The firewall policies of the FortiGate are one of the most important aspects of the appliance. There are a lot of building blocks and configurations involved in setting up a firewall and it within the policies that a lot of these components come together to form a cohesive unit to perform the firewall’s main function, analyzing network traffic and responding appropriately to the results of that analysis.
There are a few different kinds of policies and in most cases these are further divided into IPv4 and IPv6 versions:
- IPv4 Policy – used for managing traffic going through the appliance using IPv4 protocols l IPv6 Policy – used for managing traffic going through the appliance using IPv6 protocols l NAT64 Policy – used for managing traffic going through the appliance that converts from IPv6 on the incoming interface to IPv4 on the outgoing interface
- NAT46 Policy – used for managing traffic going through the appliance that converts from IPv4 on the incoming interface to IPv6 on the outgoing interface
- Multicast Policy – used to manage traffic sent to multiple destinations l IPv4 Access Control List – used to filter out packets based on specific IPV4 parameters. l IPv6 Access Control List – used to filter out packets based on specific IPV6 parameters. l IPv4 DoS Policy – used to prevent malicious or flawed packets on an IPv4 interface from denying access to users. l IPv6 DoS Policy – used to prevent malicious or flawed packets on an IPv6 interface from denying access to users.
Because the policy determines whether or not NAT will be used, it is also import to look at how to configure: l Central SNAT – used for granular controlling when NATing is in use.
Viewing Firewall Policies
To find a Policy window, follow one of these path in the GUI:
- Policy & Objects> IPv4 Policy l Policy & Objects> IPv6 Policy l Policy & Objects> NAT64 Policy l Policy & Objects> NAT46 Policy l Policy & Objects> Proxy Policy l Policy & Objects> Multicast Policy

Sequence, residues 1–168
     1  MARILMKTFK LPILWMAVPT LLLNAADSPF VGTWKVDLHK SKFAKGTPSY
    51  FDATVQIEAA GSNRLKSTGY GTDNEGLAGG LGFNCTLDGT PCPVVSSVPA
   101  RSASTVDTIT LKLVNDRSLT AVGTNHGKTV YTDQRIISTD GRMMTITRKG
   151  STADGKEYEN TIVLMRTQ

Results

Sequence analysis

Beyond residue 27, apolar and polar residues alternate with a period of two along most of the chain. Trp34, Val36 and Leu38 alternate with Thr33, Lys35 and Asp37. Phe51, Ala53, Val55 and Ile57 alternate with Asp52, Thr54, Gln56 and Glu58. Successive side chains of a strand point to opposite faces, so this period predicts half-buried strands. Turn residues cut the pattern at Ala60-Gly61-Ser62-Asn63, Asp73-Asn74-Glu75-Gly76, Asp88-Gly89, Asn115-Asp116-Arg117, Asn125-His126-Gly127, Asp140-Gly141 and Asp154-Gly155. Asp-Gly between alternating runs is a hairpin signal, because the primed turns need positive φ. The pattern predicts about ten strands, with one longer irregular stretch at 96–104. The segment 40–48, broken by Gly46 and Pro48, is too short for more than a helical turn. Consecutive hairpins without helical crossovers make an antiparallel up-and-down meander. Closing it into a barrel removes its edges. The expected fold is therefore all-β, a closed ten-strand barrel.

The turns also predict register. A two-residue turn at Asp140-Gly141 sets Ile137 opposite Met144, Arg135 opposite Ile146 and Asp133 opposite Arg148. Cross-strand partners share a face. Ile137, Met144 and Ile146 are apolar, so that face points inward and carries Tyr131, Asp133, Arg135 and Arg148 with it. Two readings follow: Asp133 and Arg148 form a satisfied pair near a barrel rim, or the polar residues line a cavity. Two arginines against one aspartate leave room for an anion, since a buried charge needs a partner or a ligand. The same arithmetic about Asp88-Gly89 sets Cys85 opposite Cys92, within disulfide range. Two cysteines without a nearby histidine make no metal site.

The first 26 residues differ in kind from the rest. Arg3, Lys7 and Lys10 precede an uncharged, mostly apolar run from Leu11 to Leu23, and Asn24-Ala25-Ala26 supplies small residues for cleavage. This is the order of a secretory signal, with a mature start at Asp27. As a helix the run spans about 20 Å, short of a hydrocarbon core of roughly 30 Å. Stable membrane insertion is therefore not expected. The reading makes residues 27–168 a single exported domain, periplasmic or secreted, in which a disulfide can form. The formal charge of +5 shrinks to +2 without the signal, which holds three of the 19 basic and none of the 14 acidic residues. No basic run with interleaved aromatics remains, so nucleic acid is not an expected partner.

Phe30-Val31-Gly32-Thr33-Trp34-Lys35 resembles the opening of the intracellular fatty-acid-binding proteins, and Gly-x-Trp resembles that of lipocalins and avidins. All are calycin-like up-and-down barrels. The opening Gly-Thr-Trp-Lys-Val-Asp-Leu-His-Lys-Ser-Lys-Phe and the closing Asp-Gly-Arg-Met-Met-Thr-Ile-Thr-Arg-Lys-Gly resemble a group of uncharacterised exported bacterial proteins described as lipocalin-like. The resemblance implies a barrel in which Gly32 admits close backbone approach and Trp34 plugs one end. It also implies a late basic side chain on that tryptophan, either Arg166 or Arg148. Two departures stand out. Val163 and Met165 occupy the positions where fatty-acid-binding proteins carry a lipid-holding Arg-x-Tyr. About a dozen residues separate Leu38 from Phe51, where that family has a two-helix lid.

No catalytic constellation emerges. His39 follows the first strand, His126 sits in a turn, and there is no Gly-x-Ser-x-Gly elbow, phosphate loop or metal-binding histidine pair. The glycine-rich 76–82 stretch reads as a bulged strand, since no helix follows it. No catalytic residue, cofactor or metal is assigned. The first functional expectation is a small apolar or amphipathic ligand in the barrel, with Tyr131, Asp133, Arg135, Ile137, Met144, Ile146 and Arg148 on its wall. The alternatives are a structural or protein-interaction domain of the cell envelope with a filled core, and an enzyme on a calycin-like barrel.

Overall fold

You may notice other policy options on the left window pane such as:
- Policy & Objects> IPv4 DoS Policy l Policy & Objects> IPv6 DoS Policy l Policy & Objects> Local InPolicy
These are different enough that they have their own descriptions in the sections that relate to them.
Viewing Firewall Policies
There are some variations, but there are some common elements share by all of them. There is a menu bar across the top. The menu bar will have the following items going from left to right:
l Create New button l Edit button l Delete button l Search field l Interface Pair View– Displays the policies in the order that they are checked for matching traffic, grouped by the pairs of Incoming and Outgoing interfaces. For instance, all of the policies referencing traffic from WAN1 to DMZ will be in one section. The policies referencing traffic from DMZ to WAN1 will be in another section. The sections are collapsible so that you only need to look at the sections with policies you are interested in. l By Sequence– Displays the policies in the order that they are checked for matching traffic without any grouping.
Menu items not shared by all policies
l Policy Lookup – (IPv4, IPv6 ) l NAT64 Forwarding – (NAT64)
The Table of Policies
The tables that make up the Policy window are based on rows which represent individual policies and the columns that represent the various parameters or status within the policy. The columns are customizable by which columns are included and what order they are in.
The table can be laid out a number ways to suit the viewer. There is a column for most of the important pieces of information that you might be interested in seeing, but a lot of them are hidden by default. If you had a large enough screen, you might be able to show all of the columns, but even then it might look a bit busy and crammed together. Figure out which pieces of information are most important to you and hide the rest.